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OTC CFD providers are required to segregate client funds protecting client balances in event of company default, but cases such as that of MF Global remind us that guarantees can be broken. Exchange-traded contracts traded through a clearing house are generally believed to have less counterparty risk.
Ultimately, the degree of counterparty risk is defined by the credit risk of the counterparty, including the clearing house if applicable. There are a number of different financial instruments that have been used in the past to speculate on financial markets. These range from trading in physical shares either directly or via margin lending, to using derivatives such as futures, options or covered warrants.
A number of brokers have been actively promoting CFDs as alternatives to all of these products. The CFD market most resembles the futures and options market, the major differences being: Professionals prefer futures for indices and interest rate trading over CFDs as they are a mature product and are exchange traded. The main advantages of CFDs, compared to futures, is that contract sizes are smaller making it more accessible for small trader and pricing is more transparent.
Futures contracts tend to only converge near to the expiry date compared to the price of the underlying instrument which does not occur on the CFD as it never expires and simply mirrors the underlying instrument. Futures are often used by the CFD providers to hedge their own positions and many CFDs are written over futures as futures prices are easily obtainable.
The industry practice is for the CFD provider to ' roll ' the CFD position to the next future period when the liquidity starts to dry in the last few days before expiry, thus creating a rolling CFD contract.
Options , like futures, are an established product that are exchange traded, centrally cleared and used by professionals. Options, like futures, can be used to hedge risk or to take on risk to speculate. CFDs are only comparable in the latter case.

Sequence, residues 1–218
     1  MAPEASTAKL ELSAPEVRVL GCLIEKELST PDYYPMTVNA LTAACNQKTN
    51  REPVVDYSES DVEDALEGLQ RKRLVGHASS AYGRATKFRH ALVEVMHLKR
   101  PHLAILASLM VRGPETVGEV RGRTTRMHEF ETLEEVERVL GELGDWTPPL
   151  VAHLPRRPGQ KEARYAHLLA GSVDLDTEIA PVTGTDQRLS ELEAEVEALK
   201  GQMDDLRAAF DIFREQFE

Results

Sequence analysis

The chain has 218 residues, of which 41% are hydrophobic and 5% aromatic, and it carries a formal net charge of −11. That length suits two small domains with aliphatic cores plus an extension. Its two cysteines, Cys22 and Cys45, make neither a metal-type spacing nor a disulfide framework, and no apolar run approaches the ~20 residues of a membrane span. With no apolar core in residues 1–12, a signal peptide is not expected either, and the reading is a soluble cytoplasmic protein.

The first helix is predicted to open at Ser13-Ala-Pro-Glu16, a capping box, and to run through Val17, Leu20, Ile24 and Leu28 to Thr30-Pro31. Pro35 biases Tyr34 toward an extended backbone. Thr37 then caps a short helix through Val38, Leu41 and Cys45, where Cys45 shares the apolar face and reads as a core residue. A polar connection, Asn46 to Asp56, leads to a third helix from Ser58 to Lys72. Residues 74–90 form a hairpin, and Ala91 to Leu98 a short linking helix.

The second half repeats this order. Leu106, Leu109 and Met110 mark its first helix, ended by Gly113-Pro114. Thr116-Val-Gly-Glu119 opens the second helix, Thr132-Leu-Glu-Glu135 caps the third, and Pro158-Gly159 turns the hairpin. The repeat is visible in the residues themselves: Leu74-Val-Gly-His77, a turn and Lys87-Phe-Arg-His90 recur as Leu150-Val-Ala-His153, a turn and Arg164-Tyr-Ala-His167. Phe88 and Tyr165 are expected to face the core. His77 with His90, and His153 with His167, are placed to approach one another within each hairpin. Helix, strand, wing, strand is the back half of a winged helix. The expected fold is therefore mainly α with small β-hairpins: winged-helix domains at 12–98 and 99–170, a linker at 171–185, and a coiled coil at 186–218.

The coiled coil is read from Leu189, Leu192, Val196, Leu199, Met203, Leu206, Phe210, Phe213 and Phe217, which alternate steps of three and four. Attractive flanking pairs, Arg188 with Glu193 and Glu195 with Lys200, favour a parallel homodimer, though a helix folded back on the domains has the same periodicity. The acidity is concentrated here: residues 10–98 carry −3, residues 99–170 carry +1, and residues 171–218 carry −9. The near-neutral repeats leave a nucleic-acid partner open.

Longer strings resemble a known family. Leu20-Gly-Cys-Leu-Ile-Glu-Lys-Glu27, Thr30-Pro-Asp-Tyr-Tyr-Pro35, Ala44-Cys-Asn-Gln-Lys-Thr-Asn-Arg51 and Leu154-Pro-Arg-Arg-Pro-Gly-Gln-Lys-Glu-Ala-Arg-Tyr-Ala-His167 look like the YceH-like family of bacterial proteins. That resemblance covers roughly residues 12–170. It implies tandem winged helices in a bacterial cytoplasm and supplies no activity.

An important disadvantage is that a CFD cannot be allowed to lapse, unlike an option. This means that the downside risk of a CFD is unlimited, whereas the most that can be lost on an option is the price of the option itself. In addition, no margin calls are made on options if the market moves against the trader.
Compared to CFDs, option pricing is complex and has price decay when nearing expiry while CFDs prices simply mirror the underlying instrument. CFDs cannot be used to reduce risk in the way that options can. Similar to options, covered warrants have become popular in recent years as a way of speculating cheaply on market movements. CFDs costs tend to be lower for short periods and have a much wider range of underlying products.
In markets such as Singapore, some brokers have been heavily promoting CFDs as alternatives to covered warrants, and may have been partially responsible for the decline in volume of covered warrant there. This is the traditional way to trade financial markets, this requires a relationship with a broker in each country, require paying broker fees and commissions and dealing with settlement process for that product. With the advent of discount brokers, this has become easier and cheaper, but can still be challenging for retail traders particularly if trading in overseas markets.
Without leverage this is capital intensive as all positions have to be fully funded. CFDs make it much easier to access global markets for much lower costs and much easier to move in and out of a position quickly. All forms of margin trading involve financing costs, in effect the cost of borrowing the money for the whole position. Margin lending , also known as margin buying or leveraged equities , have all the same attributes as physical shares discussed earlier, but with the addition of leverage, which means like CFDs, futures, and options much less capital is required, but risks are increased.